Walt Frazier, Bill Bradley, Willis Reed, Phil Jackson and Dave Debusschere were together for both titles and all likable guys. The Knicks hit the open man, defended well and played the right way. Red Holzman was the head coach who made it all happen. Red’s assistant coach was Danny Whelan, he was their team trainer.
In 1973 the Knicks had a starting five that all came from non-high major colleges: Frazier (Southern Illinois), Earl Monroe (Winston-Salem), Bradley (Princeton), Debusschere (U of Detroit), Reed (Grambling). I’m not sure you will ever see that again.
The Knicks were a team dedicated to one common purpose: Winning a championship!
It’s now 2012 and there’s a new kid on the block. The Brooklyn Nets will begin play this season on Flatbush and Atlantic Avenues. Some of my friends, who USED to be Knicks fans have switched over and will begin to root for the Nets and they have asked me to join them. It must be noted that some have said to stick it out and be loyal.
I have a tough decision to make, I know. Do I hang with the Knicks or change my allegiance and go with the Nets?
As a kid I watched the Knicks on television and listened to the games on the radio. Marv Albert doing the play-by-play alongside Cal Ramsey who handled the analysis. I can’t forget the night while watching the Knicks play in Phoenix where Suns guard Ron Lee crashed into the press table after diving after a loose ball and spilled soda all over Cal’s new sport jacket.
The Nets of the 70’s were a fun team to watch. The ABA had the red, white and blue ball and the three-point shot. They had the dunk contest and some really cool team nicknames. The Nets had Julius Erving, Larry Kenon, Brian Taylor, ‘Supa’ John Willamson and the ‘Whopper’, Billy Paultz. They were coached by one of my favorites of all-time, Kevin Loughery. His favorite play was ‘LA 23′. In 1976, the Nets defeated the Denver Nuggets in the final championship before the merger.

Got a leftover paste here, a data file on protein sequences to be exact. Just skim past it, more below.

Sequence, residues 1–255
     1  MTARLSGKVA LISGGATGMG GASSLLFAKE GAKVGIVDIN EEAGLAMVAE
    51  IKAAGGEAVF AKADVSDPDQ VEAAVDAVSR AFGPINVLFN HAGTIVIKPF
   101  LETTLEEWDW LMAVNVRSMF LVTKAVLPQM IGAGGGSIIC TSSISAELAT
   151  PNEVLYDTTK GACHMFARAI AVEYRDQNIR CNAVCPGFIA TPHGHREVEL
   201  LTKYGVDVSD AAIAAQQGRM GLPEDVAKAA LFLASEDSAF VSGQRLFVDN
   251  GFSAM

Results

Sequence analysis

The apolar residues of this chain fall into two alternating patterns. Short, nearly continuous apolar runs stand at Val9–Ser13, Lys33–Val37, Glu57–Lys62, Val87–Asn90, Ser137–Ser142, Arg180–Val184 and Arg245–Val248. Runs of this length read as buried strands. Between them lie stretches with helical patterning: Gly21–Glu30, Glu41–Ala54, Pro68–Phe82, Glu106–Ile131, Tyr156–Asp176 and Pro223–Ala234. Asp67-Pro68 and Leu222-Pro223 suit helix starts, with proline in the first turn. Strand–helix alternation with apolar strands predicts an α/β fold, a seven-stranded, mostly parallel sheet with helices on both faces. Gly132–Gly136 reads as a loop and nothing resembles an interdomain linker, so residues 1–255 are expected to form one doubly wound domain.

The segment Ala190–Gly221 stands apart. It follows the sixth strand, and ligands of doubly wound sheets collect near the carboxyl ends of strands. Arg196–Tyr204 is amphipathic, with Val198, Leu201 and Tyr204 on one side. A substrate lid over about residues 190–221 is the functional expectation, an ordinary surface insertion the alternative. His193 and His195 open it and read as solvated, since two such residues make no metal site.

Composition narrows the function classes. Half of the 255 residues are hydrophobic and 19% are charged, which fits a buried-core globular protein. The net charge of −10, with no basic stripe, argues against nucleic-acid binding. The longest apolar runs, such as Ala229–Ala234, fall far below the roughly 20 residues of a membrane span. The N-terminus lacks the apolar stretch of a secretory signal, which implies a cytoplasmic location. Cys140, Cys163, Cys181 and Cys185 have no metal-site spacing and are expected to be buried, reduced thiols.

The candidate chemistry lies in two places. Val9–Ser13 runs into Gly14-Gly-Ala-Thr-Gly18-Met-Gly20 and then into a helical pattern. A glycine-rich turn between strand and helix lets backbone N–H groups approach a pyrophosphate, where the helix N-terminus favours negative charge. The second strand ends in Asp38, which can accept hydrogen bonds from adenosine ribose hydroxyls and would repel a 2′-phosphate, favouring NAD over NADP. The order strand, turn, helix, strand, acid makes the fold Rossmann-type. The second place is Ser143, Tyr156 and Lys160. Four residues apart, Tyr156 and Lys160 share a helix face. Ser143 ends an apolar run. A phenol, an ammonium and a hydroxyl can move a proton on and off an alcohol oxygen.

On Christmas night in 1976 I attended my first Knicks home game; I was 12. My older brother and I sat in the red seats just a few feet from the court. It was Erving’s first season as a member of the Philadelphia 76ers after coming over from the Nets. Philadelphia, behind Brooklyn native Lloyd Free led the Sixers with 30 points leading them to the 105-104 win. I rode the ‘A’ and ‘F’ trains back to Brooklyn heartbroken.
Brooklyn has always been a great place for basketball. Back in the day the schoolyards were filled with outstanding players. You could find a good run almost anywhere. High school basketball both the CHSAA and PSAL in Brooklyn was king. Outdoor summer league action was also very popular.
In 1978 the Knicks drafted Micheal Ray Richardson, an unknown, but very talented point guard from the University of Montana. ‘Sugar’ quickly became my favorite player. I loved the way he defended and shared the ball. In the schoolyard I would emulate his game; including the “over-the-head” finger roll on a lay-up.
In 1982, after four seasons that saw the Knicks make the playoffs just once (losing to the Bulls 2-0) Sugar was gone; traded to Golden State. I was bitter for a short time but something positive came out of the trade; New York received Brooklyn native Bernard King.